Even if you don’t work in a nonprofit, you’ll still should be acquainted with this anthology since its analysis hits on all areas of society.

 

2 EXTRAS!!! For community organizers!

 

Contesting Community: The Limits and Potential of Local Organizing by DeFilippis, Fisher, and Shragge

 

A must-read if you’re involved in community organizing. It lays out some of the main faults of most community organizing (e.g. being non-ideological and resisting connecting local work to national or international efforts), while also presenting some ways for improvement (e.g. pushing for long-term social change and understanding the limits of community organizing).

While it leans toward the heavy-duty academic side, you’re definitely going to want to check out this book.

 

Seeds of Change: The Story of ACORN, America’s Most Controversial Antipoverty Community Organizing Group by John Atlas

 

The Association of Community Organizations for Reform Now (ACORN) was a highly impactful anti-poverty organization and one of the most proactive groups to ever organize.

This book looks at how ACORN structured itself, the organizing practices it advocated, and the ways in which it was unprepared for deceptive opposition.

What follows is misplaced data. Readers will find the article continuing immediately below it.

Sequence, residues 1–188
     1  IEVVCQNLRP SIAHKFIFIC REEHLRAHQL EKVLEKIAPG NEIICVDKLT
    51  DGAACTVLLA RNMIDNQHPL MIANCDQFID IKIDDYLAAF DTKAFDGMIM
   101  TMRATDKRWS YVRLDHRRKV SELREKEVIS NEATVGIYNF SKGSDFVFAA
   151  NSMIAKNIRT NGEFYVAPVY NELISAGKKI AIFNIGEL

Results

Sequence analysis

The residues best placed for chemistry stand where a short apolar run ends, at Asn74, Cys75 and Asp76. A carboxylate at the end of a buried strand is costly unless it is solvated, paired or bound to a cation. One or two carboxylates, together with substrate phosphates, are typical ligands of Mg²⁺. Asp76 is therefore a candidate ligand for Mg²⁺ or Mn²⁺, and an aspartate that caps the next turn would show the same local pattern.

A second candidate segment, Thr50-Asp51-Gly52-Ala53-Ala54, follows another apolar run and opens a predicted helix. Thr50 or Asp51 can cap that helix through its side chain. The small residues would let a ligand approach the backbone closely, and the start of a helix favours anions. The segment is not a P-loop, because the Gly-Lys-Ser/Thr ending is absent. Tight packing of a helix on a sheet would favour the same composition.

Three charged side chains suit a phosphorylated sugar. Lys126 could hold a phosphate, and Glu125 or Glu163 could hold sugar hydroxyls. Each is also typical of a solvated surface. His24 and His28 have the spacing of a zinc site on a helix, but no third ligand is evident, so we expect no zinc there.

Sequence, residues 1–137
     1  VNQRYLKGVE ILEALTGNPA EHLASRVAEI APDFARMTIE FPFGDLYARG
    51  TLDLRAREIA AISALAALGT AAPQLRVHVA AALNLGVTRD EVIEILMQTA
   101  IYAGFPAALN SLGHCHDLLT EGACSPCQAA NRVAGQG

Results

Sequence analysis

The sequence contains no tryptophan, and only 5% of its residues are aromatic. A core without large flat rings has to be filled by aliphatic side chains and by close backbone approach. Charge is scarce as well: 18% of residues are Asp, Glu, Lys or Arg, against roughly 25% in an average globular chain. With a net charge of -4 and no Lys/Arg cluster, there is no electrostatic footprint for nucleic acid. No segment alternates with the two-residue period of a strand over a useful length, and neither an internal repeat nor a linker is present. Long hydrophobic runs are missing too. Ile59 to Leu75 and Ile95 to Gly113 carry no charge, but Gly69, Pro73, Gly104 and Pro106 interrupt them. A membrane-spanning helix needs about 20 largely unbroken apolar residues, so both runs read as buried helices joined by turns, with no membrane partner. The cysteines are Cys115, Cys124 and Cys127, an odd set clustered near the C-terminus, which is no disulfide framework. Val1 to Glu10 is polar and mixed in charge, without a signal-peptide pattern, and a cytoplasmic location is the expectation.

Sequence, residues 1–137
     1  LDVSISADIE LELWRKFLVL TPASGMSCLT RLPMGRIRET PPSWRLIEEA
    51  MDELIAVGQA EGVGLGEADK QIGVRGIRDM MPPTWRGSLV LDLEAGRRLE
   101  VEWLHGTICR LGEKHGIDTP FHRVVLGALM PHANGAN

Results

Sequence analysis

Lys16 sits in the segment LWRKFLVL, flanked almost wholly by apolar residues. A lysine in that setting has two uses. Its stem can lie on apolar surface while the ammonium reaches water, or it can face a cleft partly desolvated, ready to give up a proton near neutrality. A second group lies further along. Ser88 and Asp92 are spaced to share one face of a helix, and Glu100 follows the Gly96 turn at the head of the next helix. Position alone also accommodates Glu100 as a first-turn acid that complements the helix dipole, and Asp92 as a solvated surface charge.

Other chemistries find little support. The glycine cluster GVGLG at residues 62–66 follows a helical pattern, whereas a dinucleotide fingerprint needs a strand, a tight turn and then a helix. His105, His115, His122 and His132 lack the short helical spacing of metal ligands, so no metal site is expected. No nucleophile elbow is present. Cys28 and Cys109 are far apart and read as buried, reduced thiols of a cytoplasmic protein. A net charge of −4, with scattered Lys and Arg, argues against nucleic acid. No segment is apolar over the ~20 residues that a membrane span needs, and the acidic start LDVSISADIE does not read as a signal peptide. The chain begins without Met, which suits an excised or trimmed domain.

It’s going to be crucial to remember the lessons from ACORN if we’re going to develop something at an even more advanced stage.

This is my list of the social change “must-read” books. Leave a comment below of the books that you find essential!

Categories
Leadership

10 Groundbreakers Who’ve Shaped My Views of Social Change

A few weeks ago Heath Mitchell asked to co-write 42 Errors Changemakers and Humanitarians Make (which ended up being one of the most popular posts here), and now he got me thinking again by asking about the people/organizations that have influenced my ideas of activism and organizing.

Anytime someone asks me to write a post on a certain topic I try my best to do so, even if it takes a few months! I’m especially stoked when I get to write about those folks who’ve fundamentally impacted my life through their own words/actions.

The names that follow are a few of the main individuals and groups who I consistently ‎learn from and wish to share more about.

 

Elizabeth Martinez

 

Author of De Colores Means All of Us: Latina Views for a Multi-Colored Century and 500 years of Chicano History, Elizabeth “Betita” Martinez has been called one of the 20th century’s most important activists and progressive historians.

When I read De Colores Means All of Us I thought it had some of the most insightful strategies for social change that we still have not adopted some 15 years later.

So if you’re looking for a clear picture of 20th century progressive activism and unrealized pathways for change, then check out Betita’s work.